Frequently Asked Questions
No. Applelogic is not intended for the generation of profit. AppleLogic's existence is to encourage Apple enthusiasts and technically minded people to research and develop vintage Apple II systems into FPGAs and to enable those interested in "Super IIs" to either help develop such a system or download and use a system developed by others.
Answers to some of the more common FAQ's
Is AppleLogic a business or "for profit" organisation?
Yes. AppleLogic and its participants do develop hardware products to help bridge the gaps to do what is required to build vintage Apple systems in FPGAs. These hardware products don't use 'complex to assemble' Ball Grid Array devices (BGA's) and the designs are available freely to download and build yourself.
Does AppleLogic and its participants design hardware products as well?
As we design soft Apple systems for FPGAs, we hope to develop and port across our Apple designs as well as other Apple II projects to several different FPGA development platforms. The Nanoboard is my preferred platform, simply because I designed them and know the platform well. The Nanoboard can accommodate complex systems that span several FPGAs in a single project and manage the physical peripheral hardware card requirements that make an Apple II system complete.
What is the preferred AppleLogic FPGA platform?
If you wish, absolutely. However it is important not to forget that these systems are the copyright of Apple Computer (now Apple), regardless of whether the information came from an ex-Apple cloning company or direct from Apple. AppleLogic has simply taken the original design and interpreted it into a different medium, to allow it to grow and continue to be used today on modern FPGA-based hardware. If you are able to contribute photos or images, we will not superimpose anything over them. Whatever information we share, we will work with all items in their original state.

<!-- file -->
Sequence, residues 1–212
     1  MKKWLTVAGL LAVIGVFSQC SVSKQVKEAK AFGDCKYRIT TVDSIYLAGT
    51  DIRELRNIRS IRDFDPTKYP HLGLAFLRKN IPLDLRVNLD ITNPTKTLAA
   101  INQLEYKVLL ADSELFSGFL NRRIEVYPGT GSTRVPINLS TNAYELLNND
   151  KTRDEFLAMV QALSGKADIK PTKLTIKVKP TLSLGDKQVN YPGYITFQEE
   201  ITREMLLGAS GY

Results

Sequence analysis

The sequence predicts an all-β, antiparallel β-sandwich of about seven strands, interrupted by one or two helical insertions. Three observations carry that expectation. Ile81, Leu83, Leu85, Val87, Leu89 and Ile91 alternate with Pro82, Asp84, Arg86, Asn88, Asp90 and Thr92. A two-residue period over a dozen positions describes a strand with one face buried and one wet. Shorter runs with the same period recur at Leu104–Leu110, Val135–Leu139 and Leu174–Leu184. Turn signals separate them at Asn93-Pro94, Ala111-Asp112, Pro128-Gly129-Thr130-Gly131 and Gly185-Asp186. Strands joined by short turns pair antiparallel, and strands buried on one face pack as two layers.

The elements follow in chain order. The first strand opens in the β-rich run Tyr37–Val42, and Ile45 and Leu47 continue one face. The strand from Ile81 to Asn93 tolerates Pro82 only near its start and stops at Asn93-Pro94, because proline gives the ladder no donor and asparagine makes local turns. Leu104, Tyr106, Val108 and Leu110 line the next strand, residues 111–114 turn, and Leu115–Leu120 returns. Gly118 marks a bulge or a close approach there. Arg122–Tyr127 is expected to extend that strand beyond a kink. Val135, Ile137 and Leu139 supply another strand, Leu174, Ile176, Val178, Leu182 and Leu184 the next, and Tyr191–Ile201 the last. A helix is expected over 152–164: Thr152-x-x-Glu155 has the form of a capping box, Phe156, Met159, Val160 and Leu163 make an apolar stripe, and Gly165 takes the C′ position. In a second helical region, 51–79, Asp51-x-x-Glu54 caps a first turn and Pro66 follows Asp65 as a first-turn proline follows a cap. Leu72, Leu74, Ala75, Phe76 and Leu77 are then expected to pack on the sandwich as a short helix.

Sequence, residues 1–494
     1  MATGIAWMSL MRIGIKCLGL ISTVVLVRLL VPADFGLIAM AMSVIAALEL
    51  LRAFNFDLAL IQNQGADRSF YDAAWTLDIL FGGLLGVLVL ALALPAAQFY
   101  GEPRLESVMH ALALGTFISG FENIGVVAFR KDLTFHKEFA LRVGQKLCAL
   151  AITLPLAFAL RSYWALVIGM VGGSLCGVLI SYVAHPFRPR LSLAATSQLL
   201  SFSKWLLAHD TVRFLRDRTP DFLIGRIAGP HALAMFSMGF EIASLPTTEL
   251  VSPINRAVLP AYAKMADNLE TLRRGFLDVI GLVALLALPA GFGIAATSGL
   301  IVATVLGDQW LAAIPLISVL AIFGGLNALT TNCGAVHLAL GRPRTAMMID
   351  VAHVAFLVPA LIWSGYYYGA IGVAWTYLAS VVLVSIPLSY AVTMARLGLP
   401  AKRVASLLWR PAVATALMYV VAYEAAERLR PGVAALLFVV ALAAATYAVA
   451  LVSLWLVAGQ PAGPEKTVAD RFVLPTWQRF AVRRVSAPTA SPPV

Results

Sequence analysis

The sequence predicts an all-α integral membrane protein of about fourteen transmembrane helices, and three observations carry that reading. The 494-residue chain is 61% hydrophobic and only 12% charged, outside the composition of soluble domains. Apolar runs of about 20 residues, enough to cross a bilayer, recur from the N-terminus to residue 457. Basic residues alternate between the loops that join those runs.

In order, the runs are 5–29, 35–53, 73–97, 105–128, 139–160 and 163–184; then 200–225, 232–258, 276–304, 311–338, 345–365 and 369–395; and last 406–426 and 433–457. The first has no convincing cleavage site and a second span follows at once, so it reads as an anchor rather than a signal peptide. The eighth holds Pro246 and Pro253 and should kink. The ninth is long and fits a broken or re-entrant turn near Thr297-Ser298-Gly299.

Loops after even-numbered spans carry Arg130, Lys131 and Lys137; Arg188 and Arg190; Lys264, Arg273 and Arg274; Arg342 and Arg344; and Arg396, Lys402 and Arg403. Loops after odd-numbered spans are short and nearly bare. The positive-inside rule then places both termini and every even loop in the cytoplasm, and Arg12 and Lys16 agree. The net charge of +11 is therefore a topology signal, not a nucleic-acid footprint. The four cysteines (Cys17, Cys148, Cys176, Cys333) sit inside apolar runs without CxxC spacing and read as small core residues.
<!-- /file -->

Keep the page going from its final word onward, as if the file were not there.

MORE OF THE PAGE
If I participate in a design, can I be recognised for it?
AppleLogic has been put together in the form of an engineers diary. As we research and build the designs, information has been created, sourced, provided and located from various different places, including ex cloners of the 80's and a lot of material from vintage reference books and the internet. All the material listed on this site has a copyright by default. If you wish to use it, please do so at your own risk. We ask you not to use it for commercial use.
Can I copy stuff from your website?
AppleLogic's interests are focused on the Apple II and III series computer systems. There are several key vintage systems that would be great to capture in the FPGA domain, being the Apple IIe, the III+ and the IIgs 01. To date we still have a long way to go. If we do successfully reach a point where we have succeeded in achieving this, we would then be in a position to consider creating a logic board that can not only support these three systems, but can also be retro fitted back into either a IIe or IIgs to complete the concept.
What are the Objectives of AppleLogic?
As we pursue particular tasks we will source information from a variety of places. Most commonly from vintage documentation, from extinct companies that previously reverse engineered and cloned Apple II's, or from the very engineers that may have worked on developing these products from or for Apple in the first place. As with most technical diaries nothing is a certainty. So considering the informalities of our sources, we don't guarantee anything and accuracy can only be measured by how successfully we solve a problem.
How accurate is your information?
AppleLogic as a website will most likely never be "complete". With the history behind all the aspects of the Apple II and III, the underlying theory of operation and implementation, and the plethora of data associated with the elements of these systems, the chances are very high we will be adding new information and correcting current information for many years to come.
Is the website complete?
Apart from finalising the several key Apple II and Apple III systems and developing several derivatives for future platforms, we hope to make available all the resources, such as ROM images, documents and manuals. We also intend to include documents and "extracts" from quotes to help back up the history of these systems. It seems clear these guys were around when the whole personal computing market took off, and really had the opportunity to enjoy and experience some amazing stuff as they designed a new industry. It's just good to have some first hand info on some of the amazing successes and stories these people had during some of those pioneering years. The web is a great source, but having the opportunity to actually "sight" some records really backs up what we know. If you are in a position to help out with any documents or data, all contributions are be very much appreciated.
So what more is there to come?